"Do not be afraid.
Stand firm and you will see
the deliverance the Lord
will bring you today.
The Egyptians you see today
you will never see again.
The Lord will fight for you;
you need only to be still."

What happened next was astounding. We read, (verses 19–20)

"The pillar of cloud also moved
from in front and stood behind them,
coming between the armies
of Egypt and Israel.
Throughout the night the cloud
brought darkness to the one side
and light to the other side;
so neither went near the other
all night long."

God protected them. God's presence protected them. We see the same thing in Psalm 48:8. It says,

"As we have heard,
so have we seen in the city
of the LORD Almighty,
in the city of our God:
God makes her secure forever."

Ezekiel 37:26–28 tells us that this was something that God's people were to look forward to. God said,

"I will make a covenant of peace with them;
it will be an everlasting covenant.
I will establish them
and increase their numbers,
and I will put my sanctuary
among them forever.
My dwelling place will be with them;
I will be their God,
and they will be my people.
Then the nations will know
that I the Lord make Israel holy,
when my sanctuary is among them forever."

We get a glimpse of this idea of protection in Exodus 40:34–38,

"Then the cloud covered the Tent of Meeting,
and the glory of the Lord filled the tabernacle.
Moses could not enter the Tent of Meeting
because the cloud had settled upon it,
and the glory of the Lord filled the tabernacle."

Moses could not enter. Now Moses, was one of the redeemed. But at that time, God's glory was too awesome for Him.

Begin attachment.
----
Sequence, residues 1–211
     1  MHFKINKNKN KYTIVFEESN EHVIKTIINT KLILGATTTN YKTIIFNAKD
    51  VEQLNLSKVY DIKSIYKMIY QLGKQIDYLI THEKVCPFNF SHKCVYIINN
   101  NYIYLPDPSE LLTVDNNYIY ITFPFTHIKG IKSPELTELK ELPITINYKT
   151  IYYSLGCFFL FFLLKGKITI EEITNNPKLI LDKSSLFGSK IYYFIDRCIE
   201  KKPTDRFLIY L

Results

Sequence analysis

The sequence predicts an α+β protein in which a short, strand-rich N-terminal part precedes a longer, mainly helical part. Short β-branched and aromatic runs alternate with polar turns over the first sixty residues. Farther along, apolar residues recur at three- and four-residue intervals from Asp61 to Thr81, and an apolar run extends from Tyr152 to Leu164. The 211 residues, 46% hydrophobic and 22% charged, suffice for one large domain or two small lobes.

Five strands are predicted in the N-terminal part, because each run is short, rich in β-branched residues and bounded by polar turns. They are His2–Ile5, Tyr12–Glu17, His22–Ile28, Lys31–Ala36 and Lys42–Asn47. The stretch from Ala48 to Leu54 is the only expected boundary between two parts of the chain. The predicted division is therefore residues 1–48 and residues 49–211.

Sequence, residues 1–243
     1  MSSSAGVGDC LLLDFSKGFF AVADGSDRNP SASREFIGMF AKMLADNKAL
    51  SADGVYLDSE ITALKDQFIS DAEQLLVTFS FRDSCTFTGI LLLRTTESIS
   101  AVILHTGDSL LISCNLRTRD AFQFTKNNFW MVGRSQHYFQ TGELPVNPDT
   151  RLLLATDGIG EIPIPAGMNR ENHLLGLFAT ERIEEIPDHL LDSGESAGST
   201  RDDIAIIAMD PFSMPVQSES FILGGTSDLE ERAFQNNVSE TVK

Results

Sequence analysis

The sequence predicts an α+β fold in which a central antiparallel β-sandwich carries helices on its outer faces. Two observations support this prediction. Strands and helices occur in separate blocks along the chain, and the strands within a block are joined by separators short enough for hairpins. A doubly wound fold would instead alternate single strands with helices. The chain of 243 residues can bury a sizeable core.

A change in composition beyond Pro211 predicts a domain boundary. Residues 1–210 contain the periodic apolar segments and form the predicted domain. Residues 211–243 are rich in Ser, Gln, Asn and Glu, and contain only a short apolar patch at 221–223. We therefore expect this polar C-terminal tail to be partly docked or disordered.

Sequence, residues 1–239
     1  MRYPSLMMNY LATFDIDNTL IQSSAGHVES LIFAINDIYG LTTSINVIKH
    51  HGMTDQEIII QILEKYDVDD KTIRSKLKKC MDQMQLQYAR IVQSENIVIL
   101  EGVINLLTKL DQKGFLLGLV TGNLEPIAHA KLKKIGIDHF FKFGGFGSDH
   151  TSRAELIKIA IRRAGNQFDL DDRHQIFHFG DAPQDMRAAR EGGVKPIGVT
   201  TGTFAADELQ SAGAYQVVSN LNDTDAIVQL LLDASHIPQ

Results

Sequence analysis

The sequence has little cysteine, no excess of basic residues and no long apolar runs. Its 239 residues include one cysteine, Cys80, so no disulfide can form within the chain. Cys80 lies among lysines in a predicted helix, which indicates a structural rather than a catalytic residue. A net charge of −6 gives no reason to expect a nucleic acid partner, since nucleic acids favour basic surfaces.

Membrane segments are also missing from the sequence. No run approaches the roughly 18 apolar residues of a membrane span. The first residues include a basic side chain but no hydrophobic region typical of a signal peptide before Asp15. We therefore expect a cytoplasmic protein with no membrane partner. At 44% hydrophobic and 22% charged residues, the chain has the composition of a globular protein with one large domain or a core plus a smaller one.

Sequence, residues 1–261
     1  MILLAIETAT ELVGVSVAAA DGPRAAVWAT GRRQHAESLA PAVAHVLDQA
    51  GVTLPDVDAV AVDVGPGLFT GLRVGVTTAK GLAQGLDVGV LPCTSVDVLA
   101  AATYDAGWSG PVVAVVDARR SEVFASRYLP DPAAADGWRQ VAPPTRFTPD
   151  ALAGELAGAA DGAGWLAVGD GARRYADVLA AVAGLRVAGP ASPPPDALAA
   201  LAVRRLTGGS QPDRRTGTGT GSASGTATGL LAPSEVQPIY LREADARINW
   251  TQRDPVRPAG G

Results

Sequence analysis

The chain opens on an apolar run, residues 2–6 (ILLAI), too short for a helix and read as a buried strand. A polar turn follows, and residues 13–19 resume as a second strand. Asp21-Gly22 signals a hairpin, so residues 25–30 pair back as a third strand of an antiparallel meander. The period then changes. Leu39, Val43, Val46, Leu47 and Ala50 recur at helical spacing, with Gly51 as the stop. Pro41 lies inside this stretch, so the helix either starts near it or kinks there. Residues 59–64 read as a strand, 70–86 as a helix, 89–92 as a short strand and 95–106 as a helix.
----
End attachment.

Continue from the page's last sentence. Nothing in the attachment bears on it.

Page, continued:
Right now Satan can come near us. Evil men can come near us. The sun can beat down upon us. But they cannot come near God's glory. We already saw that at the end of chapter 6 when the wicked cry out to the mountains and rocks to hide them from,

"the face of him who sits on the throne
and from the wrath of the Lamb."

Revelation 20:11 says,

"Then I saw a great white throne
and him who was seated on it.
Earth and sky fled from his presence,
and there was no place for them."

In Revelation 15:5–8 John wrote,

"After this I looked
and in heaven the temple,
that is, the tabernacle of the Testimony,
was opened.
Out of the temple came the seven angels
with the seven plagues.
They were dressed in clean, shining linen
and wore golden sashes
around their chests.
Then one of the four living creatures
gave to the seven angels
seven golden bowls
filled with the wrath of God,
who lives for ever and ever.
And the temple was filled with smoke
from the glory of God and from his power,
and no one could enter the temple
until the seven plagues
of the seven angels were completed."